|One of Clive's Heroes (Review)|
|Written by Administrator|
|Sunday, 16 February 2014 00:00|
Another one off the freebee book site Project Gutenberg, another book-for-boys (that’s “YA” for you people in 2014) by Herbert Stang, whose The Adventures of Dick Trevalion I reviewed HERE. In this one, a bold yard of a plucky lad wins his fortune (and England an empire) by bashing the fuzzy-wuzzies in India in the 1750s.
Yes, our boy this time is young Desmond Burke, a farmer lad, son of a famous English trader and now brother to a brutish older brother (a soddish farmer), who hero-worships Robert Clive, the local hometown boy who’s done well on the frontier. Things look ploddingly neutral for our lad until he crosses paths with the questionable Marmaduke Diggle, a caddish fellow with a tongue for Latin and a perchance for trouble. Foreign, urbanely oily, his right hand capped by a mysterious mitten, this is the gentleman who convinces Desmond to try his hand overseas, for pshaw, what can go wrong?
What, other than the fact that he’s not traveling as supercargo but rather an overworked cabin boy, and that Diggle and the foul-mouthed Captain Barker sell our boy into slavery to an Indian pirate-prince. So aye, things are stacked against our hero, likely-seaming.
But Desmond is full of stronger stuff. When Diggle returns to tell the boy to spy against his own flag (the rotter!), Desmond responds by escaping with the pirate’s own cutter in as nice an escape scene as you are likely to read. Eventually (after hot pursuit and a mutiny), the boy reaches Bombay and enters service for the East India Company. He’s got Clive’s eye, but still has to prove himself to his hero.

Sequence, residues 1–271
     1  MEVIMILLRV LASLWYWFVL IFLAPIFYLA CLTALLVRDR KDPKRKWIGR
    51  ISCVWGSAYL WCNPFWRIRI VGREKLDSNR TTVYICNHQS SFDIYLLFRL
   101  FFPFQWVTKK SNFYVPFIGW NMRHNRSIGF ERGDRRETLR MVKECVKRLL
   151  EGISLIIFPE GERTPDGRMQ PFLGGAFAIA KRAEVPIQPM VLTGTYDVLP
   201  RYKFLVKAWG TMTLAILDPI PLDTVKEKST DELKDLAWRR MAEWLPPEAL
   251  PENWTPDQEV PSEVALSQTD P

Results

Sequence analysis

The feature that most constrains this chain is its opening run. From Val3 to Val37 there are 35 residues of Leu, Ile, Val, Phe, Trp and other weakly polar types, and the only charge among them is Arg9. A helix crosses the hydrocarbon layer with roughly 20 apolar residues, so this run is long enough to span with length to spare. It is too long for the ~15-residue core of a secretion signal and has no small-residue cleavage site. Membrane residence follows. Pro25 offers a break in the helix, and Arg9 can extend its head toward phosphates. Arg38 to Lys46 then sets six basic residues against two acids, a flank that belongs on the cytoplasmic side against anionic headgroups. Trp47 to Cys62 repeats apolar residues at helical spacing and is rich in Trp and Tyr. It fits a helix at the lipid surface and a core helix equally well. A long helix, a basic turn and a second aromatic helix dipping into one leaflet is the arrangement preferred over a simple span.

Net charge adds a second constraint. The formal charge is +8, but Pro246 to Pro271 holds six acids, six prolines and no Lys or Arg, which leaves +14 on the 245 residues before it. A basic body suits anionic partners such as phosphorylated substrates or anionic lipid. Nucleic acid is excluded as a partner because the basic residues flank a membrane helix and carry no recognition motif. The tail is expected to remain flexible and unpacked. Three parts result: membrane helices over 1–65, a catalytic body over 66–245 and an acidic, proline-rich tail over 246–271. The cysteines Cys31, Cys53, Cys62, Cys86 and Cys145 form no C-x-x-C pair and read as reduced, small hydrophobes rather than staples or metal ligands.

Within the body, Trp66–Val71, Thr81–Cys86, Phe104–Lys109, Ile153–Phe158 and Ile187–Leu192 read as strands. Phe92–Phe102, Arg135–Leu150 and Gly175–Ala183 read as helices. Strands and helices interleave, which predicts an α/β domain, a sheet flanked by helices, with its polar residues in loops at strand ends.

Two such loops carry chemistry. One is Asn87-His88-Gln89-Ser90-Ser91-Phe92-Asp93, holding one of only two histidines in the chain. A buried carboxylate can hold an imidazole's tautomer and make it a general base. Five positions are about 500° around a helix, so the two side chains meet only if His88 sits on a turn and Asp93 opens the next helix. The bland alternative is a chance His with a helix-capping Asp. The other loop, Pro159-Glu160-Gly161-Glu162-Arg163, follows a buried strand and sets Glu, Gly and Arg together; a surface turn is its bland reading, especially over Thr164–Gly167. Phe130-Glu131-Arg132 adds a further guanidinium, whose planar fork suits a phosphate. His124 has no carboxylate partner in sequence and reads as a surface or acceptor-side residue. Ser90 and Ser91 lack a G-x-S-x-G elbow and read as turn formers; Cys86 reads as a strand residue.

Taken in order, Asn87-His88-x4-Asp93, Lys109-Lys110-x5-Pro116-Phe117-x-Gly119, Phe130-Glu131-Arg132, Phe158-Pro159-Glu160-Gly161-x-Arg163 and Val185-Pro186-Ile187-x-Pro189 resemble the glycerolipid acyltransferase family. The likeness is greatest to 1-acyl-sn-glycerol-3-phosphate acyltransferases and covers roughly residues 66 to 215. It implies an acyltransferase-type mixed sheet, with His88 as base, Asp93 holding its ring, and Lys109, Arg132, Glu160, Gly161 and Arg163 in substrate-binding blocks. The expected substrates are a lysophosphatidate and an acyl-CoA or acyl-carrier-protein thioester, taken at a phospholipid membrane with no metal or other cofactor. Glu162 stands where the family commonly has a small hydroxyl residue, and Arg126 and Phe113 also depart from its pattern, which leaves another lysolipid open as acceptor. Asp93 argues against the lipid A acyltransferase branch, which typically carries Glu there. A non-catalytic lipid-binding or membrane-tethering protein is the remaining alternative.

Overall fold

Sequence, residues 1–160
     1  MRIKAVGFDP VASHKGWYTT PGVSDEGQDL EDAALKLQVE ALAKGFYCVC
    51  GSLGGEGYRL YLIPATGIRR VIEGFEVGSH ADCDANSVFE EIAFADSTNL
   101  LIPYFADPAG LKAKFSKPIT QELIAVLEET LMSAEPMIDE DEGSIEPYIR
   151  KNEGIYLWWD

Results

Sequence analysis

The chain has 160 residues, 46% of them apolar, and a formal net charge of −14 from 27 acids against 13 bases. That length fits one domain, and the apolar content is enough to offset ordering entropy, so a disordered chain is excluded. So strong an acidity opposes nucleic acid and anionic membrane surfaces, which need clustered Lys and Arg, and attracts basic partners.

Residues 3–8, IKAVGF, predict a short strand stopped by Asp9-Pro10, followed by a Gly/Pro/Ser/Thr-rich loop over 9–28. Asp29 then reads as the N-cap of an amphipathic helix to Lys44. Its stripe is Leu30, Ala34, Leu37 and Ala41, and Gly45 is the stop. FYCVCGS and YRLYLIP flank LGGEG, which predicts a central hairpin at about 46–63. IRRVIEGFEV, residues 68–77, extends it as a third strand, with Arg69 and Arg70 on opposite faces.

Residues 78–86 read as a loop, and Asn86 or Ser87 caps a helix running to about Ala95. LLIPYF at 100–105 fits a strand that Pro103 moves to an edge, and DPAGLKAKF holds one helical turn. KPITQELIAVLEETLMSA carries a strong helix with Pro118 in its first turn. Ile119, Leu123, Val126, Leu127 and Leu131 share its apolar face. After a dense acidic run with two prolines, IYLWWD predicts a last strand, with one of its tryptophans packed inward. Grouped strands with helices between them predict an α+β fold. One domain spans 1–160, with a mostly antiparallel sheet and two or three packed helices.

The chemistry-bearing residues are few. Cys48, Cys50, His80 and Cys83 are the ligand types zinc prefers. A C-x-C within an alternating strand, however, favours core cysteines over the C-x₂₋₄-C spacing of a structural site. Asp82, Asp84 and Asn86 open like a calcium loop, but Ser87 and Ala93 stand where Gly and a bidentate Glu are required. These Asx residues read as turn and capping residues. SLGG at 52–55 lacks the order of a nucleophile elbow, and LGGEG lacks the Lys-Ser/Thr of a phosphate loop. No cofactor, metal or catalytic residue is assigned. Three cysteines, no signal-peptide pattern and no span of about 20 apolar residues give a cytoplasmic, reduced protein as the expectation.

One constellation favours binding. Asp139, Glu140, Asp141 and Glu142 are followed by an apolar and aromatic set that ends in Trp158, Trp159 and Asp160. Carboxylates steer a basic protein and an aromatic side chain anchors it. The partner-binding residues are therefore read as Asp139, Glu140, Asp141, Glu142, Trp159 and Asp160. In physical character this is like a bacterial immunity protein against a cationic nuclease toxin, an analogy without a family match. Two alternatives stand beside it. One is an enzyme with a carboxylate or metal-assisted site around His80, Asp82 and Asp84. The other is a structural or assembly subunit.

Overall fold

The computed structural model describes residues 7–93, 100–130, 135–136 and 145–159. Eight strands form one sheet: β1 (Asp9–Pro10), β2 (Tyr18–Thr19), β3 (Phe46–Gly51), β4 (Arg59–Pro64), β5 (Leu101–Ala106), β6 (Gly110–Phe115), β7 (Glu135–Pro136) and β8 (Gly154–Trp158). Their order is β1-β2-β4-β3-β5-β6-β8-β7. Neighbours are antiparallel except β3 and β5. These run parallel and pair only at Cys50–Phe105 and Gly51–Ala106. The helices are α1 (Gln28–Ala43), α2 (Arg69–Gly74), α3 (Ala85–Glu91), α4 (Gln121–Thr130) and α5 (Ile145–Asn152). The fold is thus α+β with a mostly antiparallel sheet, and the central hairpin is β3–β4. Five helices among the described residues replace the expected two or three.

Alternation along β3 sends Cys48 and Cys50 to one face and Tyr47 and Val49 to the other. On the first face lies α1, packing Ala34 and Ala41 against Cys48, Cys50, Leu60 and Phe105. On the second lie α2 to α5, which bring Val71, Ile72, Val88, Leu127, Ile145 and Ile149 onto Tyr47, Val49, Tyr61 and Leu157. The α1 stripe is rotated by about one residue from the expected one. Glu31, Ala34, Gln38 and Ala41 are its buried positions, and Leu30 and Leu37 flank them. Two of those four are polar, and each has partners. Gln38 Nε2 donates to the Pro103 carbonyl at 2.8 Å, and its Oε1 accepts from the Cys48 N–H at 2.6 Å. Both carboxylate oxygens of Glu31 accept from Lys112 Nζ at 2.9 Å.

And so now we’re involved with Desmond’s role in the establishment of British rule over the French and Dutch (and, oh yes, the indigenous Indians), opening the floodgates of untold wealth that would keep the crown afloat for centuries. In this, he weaves through several historic (and many fictional) struggles. And Diggle, a bad penny is there was ever one, keeps showing up to nearly do in our hero, to lose and snarl, cutting loose at the last second. Amazingly, apparently the English are so desperate for heroics that they are willing to trust critical scouting and espionage missions to a cabin boy. Over and over, we see Desmond face heavy odds and win out, because he is, after all, One of Clive’s Heroes.
If anything, the book is fun to read if only for the empirical expressions within. The natives are pretty useless, prone to treachery and generally formationed in near-rout. Stang spent time in India, and the gulf between his worldly outlook of 1906 and our’s of 2014 are apparent here. Yes, it’s easy to sneer in modern-day disdain (and yes, I think I will), but getting around that, it’s a pretty good tale. As one would expect, Desmond evens up with everyone who did him wrong, wins accolades (and the girl) by the end of the book. So if you think you can deal with olde-worlde storytelling, pull this one down from Project Gutenberg. You can get it HERE.